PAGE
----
It's a common scenario: you are altering your working code or game assets over several hours or even days. You are in between two releases and the game won't compile due to unfinished changes. Further you no longer have a clue how the old code was shaped because it became overwritten.
There are a few solutions to avoid incompilabilty (does this word exist?) and loss of working code:
- make backup copies for all files which will change
- make a backup of the whole project, regardless what's changing
- disable old code by commenting it out or exclusion by conditional statements
- add version numbers to outdated files, e.g. main.cpp is the latest version, main_001.cpp is the oldest version, main_002.cpp is the second oldest, etc.
- any other method?
These methods are simple. You can easily master your projects with them. But there are more elegant and sophisticated solutions to this. The buzz phrase here is Version Control System (VCS). There are quite a few VCS available for free like Git, CVS or Subversion. I favor Subversion (SVN) because it's free, simple (well, as long as you avoid excessive merging), flexible, has high-quality tools and is well supported. Therefore I want to show you how to set up a simple Subversion system to streamline versioning, fallback management and persistence. There won't be any server stuff, SSL encrypted data flow or rights management. Subversion supports all that but a lone wolf coder/artist does not need that overkill. KISS: Keep it stupid simple!
There is just one drawback: This tutorial is Windows only. Sorry.
Download it here and install it. Restart your machine if you are asked to do so. We will use TortoiseSVN right away.
A Subversion repository is a central directory where all versioned files and their meta data are stored. A repository can have an arbitrary number of sub-directories which can contain source code, images, sound files, documents, etc. It's up to you how you want to structure your VCS. In this example we are going to create only one repository on a hard-drive. You can add further repositories any time.
First we have to choose a location where we want our repository to reside. Think about robustness and security. You may pull out your hair if your hard-drive breaks and your source as well as your repository reside there. Choose an other partition, a physical separated hard-drive or even an other machine for your repositories. Security increases with distance.
Create a conventional directory at your chosen place and name it something like "svn_repository". Right-click the new folder and choose "Create repository here" from the TortoiseSVN context menu:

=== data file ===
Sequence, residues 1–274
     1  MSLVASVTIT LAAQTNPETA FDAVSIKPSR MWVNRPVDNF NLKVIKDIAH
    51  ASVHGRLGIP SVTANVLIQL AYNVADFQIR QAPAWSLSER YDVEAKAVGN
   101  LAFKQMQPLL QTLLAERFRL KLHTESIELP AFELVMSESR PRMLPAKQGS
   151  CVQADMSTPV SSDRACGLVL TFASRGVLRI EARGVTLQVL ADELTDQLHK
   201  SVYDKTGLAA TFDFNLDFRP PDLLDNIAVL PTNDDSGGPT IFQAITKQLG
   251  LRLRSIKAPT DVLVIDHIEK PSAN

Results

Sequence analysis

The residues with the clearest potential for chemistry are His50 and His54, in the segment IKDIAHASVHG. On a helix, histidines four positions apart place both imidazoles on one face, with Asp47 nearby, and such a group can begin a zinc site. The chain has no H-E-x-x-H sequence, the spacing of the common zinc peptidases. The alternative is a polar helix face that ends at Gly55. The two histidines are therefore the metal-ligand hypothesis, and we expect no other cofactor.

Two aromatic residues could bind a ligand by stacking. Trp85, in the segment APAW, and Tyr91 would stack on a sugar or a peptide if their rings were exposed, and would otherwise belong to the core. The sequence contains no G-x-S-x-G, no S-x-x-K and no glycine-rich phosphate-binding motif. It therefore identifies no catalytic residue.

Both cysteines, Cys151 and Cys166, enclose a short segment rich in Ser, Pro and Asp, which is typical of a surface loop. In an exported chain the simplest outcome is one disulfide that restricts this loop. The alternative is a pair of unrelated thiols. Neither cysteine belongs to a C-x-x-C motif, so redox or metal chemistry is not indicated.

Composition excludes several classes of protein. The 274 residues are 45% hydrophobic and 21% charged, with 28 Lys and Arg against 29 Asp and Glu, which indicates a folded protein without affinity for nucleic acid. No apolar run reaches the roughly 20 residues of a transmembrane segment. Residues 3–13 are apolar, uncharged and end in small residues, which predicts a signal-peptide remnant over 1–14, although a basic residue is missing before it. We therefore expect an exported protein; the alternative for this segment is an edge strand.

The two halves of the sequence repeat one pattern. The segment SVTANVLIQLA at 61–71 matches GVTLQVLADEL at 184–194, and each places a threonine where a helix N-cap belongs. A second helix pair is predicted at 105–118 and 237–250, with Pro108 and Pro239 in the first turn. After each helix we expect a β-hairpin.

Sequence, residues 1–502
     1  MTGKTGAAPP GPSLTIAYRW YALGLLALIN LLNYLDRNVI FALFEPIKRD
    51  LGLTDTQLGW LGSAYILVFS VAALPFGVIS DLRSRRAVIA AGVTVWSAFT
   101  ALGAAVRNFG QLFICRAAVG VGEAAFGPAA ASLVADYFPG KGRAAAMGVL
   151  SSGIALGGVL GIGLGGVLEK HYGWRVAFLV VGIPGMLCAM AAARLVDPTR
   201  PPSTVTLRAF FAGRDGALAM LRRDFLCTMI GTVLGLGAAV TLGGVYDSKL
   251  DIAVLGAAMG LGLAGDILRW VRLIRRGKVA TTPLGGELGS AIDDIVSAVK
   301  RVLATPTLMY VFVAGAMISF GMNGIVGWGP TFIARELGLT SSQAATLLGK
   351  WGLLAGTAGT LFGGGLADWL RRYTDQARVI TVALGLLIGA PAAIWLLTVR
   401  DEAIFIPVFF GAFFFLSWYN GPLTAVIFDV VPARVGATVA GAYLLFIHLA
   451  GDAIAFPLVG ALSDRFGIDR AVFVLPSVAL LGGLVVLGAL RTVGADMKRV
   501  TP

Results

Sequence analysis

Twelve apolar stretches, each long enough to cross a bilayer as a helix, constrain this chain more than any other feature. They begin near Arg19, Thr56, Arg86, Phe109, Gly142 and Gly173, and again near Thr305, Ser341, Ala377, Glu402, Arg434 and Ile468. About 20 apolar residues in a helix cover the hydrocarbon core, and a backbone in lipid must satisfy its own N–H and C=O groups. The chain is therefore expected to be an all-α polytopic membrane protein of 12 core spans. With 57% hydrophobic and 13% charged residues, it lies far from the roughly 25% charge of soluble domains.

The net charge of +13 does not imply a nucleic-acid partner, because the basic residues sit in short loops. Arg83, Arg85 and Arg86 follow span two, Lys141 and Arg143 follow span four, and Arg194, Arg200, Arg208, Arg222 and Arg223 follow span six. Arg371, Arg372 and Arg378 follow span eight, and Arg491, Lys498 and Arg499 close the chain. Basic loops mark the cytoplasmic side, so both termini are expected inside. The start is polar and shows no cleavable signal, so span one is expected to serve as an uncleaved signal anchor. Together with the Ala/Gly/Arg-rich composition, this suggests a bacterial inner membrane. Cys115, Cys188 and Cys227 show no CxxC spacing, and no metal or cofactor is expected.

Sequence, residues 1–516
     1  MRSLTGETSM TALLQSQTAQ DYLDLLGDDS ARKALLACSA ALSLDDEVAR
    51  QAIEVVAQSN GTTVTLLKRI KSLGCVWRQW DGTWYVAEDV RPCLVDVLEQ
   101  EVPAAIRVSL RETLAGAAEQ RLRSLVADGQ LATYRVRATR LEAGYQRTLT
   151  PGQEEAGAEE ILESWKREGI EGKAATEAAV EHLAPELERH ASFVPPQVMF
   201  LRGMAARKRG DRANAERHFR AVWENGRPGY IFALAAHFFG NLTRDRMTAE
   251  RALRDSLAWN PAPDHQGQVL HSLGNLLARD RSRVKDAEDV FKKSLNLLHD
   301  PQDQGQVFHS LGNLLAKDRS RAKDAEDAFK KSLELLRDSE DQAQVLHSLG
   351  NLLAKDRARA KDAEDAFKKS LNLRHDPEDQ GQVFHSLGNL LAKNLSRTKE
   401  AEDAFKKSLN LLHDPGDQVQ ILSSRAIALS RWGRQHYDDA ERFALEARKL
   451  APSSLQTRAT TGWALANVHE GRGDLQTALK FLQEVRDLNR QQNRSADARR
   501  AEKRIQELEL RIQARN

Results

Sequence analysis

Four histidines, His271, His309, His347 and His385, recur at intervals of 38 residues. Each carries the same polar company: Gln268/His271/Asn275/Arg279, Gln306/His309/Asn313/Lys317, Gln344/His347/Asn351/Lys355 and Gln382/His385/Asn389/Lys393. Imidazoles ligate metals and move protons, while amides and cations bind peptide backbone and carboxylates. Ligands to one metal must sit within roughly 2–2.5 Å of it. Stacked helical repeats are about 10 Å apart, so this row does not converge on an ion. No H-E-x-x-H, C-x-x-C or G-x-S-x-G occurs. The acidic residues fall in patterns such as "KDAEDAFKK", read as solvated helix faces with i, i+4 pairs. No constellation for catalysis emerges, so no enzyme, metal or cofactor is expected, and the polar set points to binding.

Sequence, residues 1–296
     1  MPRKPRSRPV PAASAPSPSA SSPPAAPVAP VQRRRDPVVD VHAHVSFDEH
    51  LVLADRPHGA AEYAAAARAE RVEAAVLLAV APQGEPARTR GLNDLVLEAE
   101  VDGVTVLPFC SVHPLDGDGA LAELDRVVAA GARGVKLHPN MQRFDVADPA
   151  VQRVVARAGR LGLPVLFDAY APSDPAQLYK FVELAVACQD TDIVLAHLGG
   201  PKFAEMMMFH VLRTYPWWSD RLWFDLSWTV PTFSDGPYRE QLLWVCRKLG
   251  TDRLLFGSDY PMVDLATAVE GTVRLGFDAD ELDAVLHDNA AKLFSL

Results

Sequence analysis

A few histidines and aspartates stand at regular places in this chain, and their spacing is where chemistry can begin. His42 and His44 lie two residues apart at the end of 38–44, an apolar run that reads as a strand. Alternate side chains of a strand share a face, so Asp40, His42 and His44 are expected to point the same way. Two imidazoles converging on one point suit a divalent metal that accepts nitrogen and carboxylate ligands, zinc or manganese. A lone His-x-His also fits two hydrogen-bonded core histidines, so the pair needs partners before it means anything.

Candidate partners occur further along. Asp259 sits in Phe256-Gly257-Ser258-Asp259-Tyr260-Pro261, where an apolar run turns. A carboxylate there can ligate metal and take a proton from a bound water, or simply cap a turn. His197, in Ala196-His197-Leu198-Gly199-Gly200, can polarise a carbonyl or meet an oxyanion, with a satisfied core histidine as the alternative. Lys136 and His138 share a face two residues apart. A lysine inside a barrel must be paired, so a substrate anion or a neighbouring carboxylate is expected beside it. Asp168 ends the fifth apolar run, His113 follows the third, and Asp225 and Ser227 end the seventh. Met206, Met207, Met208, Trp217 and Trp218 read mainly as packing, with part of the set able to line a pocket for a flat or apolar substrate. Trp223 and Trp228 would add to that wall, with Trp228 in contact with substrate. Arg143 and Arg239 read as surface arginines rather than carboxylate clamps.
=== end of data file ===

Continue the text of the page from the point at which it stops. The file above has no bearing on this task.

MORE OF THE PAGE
After clicking OK in the success message box (I hope it worked) you can investigate new files and folders in the repository. Don't change anything there unless you know what you do! README.txt will tell you the same but who reads it anyway?
OK, now we are going to build our very own structure within the new repository. Right-click a free position on the desktop or in an Explorer window (to open the context menu) and choose "Repo-browser" from the TortoiseSVN context menu:
Now enter the address to your repository. I've created it in "C:\test_repository" so I have to enter "file:///C:/test_repository" in the pop-up dialog:
The repository browser shows you the virgin state of your newly created repository. The layout is similar to the Windows Explorer layout: an address bar in the header, a tree view on the left hand side and a directory/file list on the right hand side. Most of its functionality is packed in the context menus. When you open the repository's context menu (right-click) you will see quite a few functions there:
Explaining all these functions here would go beyond this article's scope. I highly recommend reading the help file which you can find it at the bottom of the TortoiseSVN context menu. There is even a full Subversion book available online. You don't have to read everything in these documents. There are just a few essential functions you should understand. We will use many of them here anyway and I will summarize the most important ones in the conclusion.
Link Your Project To Subversion
The next step is importing a project into the repository. Let's say our project is named foobar and simply contains a Visual Studio solution structure:
In the repository browser choose "Add folder..." from the repository's context menu, select the foobar directory, click OK and confirm the log message dialog. Log messages are optional but recommended. They will help you tracing the revision logs. I've entered "import of project foobar".
The foobar directory should be fully imported now. This means the current state of foobar is conserved in the repository. That's nice but it is just a copy of the project in the repository, foobar is not version-controlled yet. For this we have to check out a working copy (WK) of the project. A WK is just a directory fetched from Subversion to work on. In Subversion such a fetch is called checkout. WKs are "supervised" by Subversion and recognize changes. That's the basic difference between a conventional project directory and a WK.
Open the foobar directory's context menu in the repository browser and click "Checkout...". The appearing dialog should already have the correct settings:
Clicking OK will bring up a warning if you want to overwrite the directory. This is OK because it will overwrite the files with their equal copies from the repository. So we click Yes and take a look into the foobar project with Windows Explorer. All files and directories now should have little hooks on their icons. If not, try hitting F5 (view refresh) a few times. TortoiseSVN sometimes does not update the Explorer view immediately so refreshing may be necessary: